Changing shapes

A fascinating study was recently reported by Hunter and colleagues in Angewandte Chemie. First of all, here is a bit of history. If you follow the classic work of Horst Kessler, you know that there is evidence-based model that suggests that the conformational preferences of a given cyclic peptide are dictated by the composition of its structural core elements. In other words, if you want to make a difference to a given molecule, side chains are unlikely to be of much use, unless, of course, you make bicycles, stapled peptides, and so on. But short of making drastic differences along these lines, what has really works well are changes in the absolute stereochemistry of the core residues. This way, one can really get profound structural changes.

The reason I enjoyed reading the Hunter paper is that it documents the effect of fluorine atoms (recall that famous guache effect) on the solution conformation of cyclic peptides. The authors used the natural product unguisin A as a model. The fluorine effect here can be traced back to what happens with dipoles in vicinal difluorides. The NMR analysis of NH chemical shifts (and a range of other parameters) led the authors to the conclude that the diastereomeric macrocycles shown below are drastically different in their conformation. You can see this in the patterns of intramolecular hydrogen bonds that I have indicated. This is a new strategy to change conformations of cyclic peptides. While I fully understand the challenges that are likely to arise if one intends to put this to wider practice (it is still not trivial to site-selectively introduce a fluorine atom into an organic molecule), this work is fabulous.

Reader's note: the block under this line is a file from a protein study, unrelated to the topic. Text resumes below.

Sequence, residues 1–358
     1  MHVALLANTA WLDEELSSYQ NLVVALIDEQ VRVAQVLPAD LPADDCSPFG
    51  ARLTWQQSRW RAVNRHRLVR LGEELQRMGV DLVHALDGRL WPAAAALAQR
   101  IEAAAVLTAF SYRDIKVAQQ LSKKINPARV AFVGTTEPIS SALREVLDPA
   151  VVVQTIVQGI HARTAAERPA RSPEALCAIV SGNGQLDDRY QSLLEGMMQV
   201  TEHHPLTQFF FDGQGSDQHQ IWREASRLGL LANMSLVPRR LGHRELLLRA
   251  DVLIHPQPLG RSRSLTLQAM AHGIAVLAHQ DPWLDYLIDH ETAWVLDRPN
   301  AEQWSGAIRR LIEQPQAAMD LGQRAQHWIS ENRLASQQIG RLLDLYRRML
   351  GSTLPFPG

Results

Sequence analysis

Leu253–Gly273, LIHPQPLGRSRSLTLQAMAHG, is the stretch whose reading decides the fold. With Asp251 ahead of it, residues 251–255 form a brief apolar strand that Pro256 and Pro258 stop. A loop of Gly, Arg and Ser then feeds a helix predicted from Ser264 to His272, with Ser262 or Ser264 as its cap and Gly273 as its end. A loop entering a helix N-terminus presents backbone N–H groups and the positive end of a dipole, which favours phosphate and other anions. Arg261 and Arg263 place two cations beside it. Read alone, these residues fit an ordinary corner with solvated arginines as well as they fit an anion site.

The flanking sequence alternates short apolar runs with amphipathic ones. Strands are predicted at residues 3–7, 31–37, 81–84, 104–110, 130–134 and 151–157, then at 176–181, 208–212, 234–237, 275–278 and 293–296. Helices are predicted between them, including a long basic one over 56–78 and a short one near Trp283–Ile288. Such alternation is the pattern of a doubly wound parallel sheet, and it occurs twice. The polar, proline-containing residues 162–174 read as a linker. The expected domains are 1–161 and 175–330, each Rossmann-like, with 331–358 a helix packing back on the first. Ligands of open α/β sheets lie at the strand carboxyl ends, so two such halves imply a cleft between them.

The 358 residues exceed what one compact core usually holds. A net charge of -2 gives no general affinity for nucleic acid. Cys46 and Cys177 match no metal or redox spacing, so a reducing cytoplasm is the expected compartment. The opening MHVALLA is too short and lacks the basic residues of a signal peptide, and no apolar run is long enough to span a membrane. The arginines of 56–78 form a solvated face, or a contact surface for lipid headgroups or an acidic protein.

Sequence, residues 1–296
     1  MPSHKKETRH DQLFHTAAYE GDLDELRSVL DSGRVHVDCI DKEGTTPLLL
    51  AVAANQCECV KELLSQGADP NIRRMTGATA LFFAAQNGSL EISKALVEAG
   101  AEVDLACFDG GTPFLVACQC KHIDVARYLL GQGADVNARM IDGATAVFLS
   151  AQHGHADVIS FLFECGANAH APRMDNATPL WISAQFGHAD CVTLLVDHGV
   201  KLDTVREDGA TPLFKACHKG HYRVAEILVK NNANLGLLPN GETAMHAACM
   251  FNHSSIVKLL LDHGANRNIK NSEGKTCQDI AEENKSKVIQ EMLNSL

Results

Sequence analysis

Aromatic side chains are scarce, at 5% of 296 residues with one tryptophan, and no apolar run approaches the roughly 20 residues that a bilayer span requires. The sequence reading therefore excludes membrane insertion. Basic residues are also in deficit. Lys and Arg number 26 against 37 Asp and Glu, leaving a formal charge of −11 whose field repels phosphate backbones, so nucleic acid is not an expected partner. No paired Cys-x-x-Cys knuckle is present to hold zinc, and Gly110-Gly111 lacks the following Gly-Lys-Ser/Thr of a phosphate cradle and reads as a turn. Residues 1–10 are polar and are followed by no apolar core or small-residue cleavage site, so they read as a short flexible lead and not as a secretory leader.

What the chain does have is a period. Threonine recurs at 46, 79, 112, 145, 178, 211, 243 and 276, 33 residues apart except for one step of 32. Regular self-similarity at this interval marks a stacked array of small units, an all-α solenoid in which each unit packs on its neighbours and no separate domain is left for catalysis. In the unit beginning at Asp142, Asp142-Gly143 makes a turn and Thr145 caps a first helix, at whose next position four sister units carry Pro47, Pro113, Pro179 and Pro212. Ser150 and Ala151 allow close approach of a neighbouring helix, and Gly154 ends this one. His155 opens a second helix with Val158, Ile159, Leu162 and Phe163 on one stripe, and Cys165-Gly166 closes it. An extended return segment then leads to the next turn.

2 thoughts on “Changing shapes

  1. you can probably accomplish similar things by using a building blocks with a Z or E double bond. (No extra chiral centers, and you can try to isomerize C=C after the cyclization, if the cyclization with of one of them gives you trouble…)

  2. Yes, I am sure this will have an effect. My point, though, is that double bond is a fairly drastic change is the backbone structure, similar to diastereomers considered by Kessler. On the other hand, fluorination is much less drastic as it does not introduce dramatic kinks. In this regard, I think it is very interesting.

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